At this juncture, the opposing Subclass Representatives and Subclass Counsel are failing to present a united front on behalf of the Dairy Farmer Subclasses and, in this respect, are undermining the interests of absent class members. As the case progresses towards either trial or to a final settlement, the stalemate and the lack of communication between Subclass Counsel and all but two of the Subclass Representatives is and will continue to be unacceptable. Without a significant change in circumstances, removal of either Subclass Representatives or Subclass Counsel or both may be warranted.

(Doc. 682 at 8.) The court initially denied the request to add additional attorneys because their addition would increase the attorneys' fees and costs and "would effectively force Subclass Counsel to work with new attorneys at the court's direction." Id. at 14. When the stalemate between opposing Subclass Representatives and Lead Counsel persisted, the court granted the appointment of Attorneys Smith and Cassidy as additional counsel ("Intervenor Counsel").[3]

         On September 24, 2015, Lead Counsel moved to add Marilyn and Peter Southway, Reynard Hunt, and Robert Fulper as DFA/DMS Subclass Representatives, and to remove the previously appointed DFA/DMS Subclass Representatives. On October 23, 2015, the court granted the motion to add Subclass Representatives, but denied the motion to remove the previously appointed Subclass Representatives. The court explained that the existing Subclass Representatives "adequately represent the DFA/DMS Subclass and remain committed to vigorously pursuing its interests" and their removal would eliminate dissenting opinions that may be important to the adequate representation of the class. (Doc. 707 at 7.)

         The parties thereafter continued negotiations that resulted in the December 2015 Settlement. On May 13, 2016, the court held a Fairness Hearing at which members of the Dairy Farmers Class overwhelmingly supported the settlement. On June 7, 2016, the court granted final approval of the December 2015 Settlement.[4]

         Lead Counsel and Intervenor Counsel (collectively, "Plaintiffs' counsel") now seek attorneys' fees and expenses. In support of their pending motions, Plaintiffs' counsel submit affidavits identifying the amount of hours that attorneys and other legal professionals devoted to this case, as well as the hourly rates those individuals typically charge for their services. In total, Plaintiffs' counsel expended approximately 64, 000 hours, reflecting more than $28.7 million in fees, exclusive of costs, on this case.[5] The records they submit in support of their request identify general categories of tasks, such as "Investigations, Factual & Legal Research[, ]" "Discovery, Document Management and Depositions[, ]" and "Case Management and Administration[.]" See Doc. 728-2 at 2.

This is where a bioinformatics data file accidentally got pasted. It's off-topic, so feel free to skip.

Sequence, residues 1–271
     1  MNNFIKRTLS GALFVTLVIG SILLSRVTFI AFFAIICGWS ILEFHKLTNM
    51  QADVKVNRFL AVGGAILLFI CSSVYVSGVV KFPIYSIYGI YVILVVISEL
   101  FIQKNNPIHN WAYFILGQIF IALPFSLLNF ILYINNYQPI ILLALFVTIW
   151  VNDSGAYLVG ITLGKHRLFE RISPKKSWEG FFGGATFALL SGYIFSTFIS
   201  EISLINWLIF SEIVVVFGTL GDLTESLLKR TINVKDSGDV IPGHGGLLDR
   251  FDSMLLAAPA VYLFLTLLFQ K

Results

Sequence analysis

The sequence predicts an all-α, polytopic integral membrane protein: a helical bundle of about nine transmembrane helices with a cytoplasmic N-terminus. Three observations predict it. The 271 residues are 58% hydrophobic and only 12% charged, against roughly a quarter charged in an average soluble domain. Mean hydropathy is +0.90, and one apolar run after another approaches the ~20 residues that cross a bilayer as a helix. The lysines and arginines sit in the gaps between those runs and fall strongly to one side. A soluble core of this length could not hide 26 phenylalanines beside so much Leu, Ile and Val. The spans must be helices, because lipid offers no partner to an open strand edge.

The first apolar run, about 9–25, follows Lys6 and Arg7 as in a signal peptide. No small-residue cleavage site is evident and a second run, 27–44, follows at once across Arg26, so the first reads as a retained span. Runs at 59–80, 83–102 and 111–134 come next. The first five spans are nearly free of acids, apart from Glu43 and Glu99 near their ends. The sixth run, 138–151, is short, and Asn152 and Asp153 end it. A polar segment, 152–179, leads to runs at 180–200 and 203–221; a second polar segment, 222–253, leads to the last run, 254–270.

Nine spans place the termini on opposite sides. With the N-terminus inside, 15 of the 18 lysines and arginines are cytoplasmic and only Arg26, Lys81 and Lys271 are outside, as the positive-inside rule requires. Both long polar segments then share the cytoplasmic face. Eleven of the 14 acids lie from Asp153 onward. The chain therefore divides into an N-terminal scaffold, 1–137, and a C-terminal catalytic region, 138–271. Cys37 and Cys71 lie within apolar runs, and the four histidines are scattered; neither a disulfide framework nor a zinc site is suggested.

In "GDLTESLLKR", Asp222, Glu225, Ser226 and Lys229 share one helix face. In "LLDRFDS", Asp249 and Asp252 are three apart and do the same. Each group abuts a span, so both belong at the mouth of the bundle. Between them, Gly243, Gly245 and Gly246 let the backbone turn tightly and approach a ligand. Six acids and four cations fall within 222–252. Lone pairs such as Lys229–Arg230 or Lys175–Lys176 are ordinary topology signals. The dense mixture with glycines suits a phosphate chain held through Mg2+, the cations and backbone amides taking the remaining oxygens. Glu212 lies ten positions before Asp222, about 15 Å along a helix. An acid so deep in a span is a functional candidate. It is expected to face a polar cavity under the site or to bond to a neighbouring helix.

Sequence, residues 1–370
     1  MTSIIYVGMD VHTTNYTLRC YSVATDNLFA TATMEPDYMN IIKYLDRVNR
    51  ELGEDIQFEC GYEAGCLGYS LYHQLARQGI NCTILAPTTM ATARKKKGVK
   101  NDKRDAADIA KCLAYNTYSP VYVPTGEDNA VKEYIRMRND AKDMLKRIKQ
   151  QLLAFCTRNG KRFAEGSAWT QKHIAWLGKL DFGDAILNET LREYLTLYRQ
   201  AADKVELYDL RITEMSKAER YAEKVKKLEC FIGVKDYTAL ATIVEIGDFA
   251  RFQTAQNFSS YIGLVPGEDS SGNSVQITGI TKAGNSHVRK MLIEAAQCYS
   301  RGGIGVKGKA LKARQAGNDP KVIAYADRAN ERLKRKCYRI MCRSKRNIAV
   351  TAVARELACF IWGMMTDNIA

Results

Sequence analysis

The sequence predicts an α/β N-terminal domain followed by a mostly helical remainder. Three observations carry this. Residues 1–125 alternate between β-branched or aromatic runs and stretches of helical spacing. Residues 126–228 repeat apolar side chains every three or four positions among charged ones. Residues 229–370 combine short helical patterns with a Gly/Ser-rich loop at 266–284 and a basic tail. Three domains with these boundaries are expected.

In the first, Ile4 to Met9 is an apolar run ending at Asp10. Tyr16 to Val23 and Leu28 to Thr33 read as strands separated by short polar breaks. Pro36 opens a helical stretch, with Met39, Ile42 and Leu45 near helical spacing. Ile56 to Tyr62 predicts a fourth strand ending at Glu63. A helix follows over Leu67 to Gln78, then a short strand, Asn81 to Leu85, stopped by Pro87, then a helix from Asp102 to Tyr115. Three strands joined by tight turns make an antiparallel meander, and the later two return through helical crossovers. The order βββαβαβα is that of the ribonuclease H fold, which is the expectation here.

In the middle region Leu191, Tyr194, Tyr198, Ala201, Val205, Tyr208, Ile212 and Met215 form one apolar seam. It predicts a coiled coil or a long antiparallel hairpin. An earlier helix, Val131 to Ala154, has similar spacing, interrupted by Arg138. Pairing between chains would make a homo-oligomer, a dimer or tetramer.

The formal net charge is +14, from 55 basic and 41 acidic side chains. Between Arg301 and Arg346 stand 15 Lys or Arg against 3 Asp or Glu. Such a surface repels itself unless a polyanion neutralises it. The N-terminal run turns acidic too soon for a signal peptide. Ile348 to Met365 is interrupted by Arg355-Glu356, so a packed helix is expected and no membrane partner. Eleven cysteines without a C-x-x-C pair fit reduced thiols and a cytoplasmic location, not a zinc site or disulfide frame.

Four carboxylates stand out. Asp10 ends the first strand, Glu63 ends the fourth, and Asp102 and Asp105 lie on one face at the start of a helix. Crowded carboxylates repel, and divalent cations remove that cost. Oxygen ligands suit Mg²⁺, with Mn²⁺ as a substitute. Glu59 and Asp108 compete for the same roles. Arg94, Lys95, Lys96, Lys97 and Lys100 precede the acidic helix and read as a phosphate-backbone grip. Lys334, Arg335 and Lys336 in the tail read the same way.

These general categories do not reveal how much time was expended on discrete tasks, such as filing an opposition to a motion for summary judgment or filing a motion to replace certain Subclass Representatives.

         Plaintiffs' counsel have also incurred unreimbursed costs in the amount of $3, 810, 631.86. Lead Counsel summarizes their expenses as follows:

Obtaining, reviewing, and hosting documents; preparing, taking, and defending depositions; hiring stenographers and videographers for depositions; performing computerized legal research; making copies and deliveries; preparing pleadings (motions, memoranda, etc.) filed with the Court; preparing for hearings; expert witness fees and costs[;] . . . preparing for trial (reviewing and organizing video deposition testimony, preparing witness examinations, selecting exhibits, preparing demonstratives, etc.); and traveling to depositions, hearings, and meetings with clients, experts, and potential witnesses.

(Doc. 728 at 27-28.) Intervenor Counsel's expenses arise solely from travel and lodging related to this case.

         II. Conclusions of Law and Analysis.

         A. Whether to Grant Lead Counsel's Proposal for Attorneys' Fees or Intervenor Counsel's Proposal for Attorneys' Fees.

         Lead Counsel seeks attorneys' fees in the amount of $16, 666, 666, or 33.3% of the monetary recovery under the December 2015 Settlement. Intervenor Counsel proposes an alternative award of $11, 500, 000, which reflects 23% of the monetary recovery. For the reasons set forth below, the court determines that an attorneys' fees award comprising 14% of the December 2015 Settlement ($7, 000, 000), without accrued interest, is reasonable.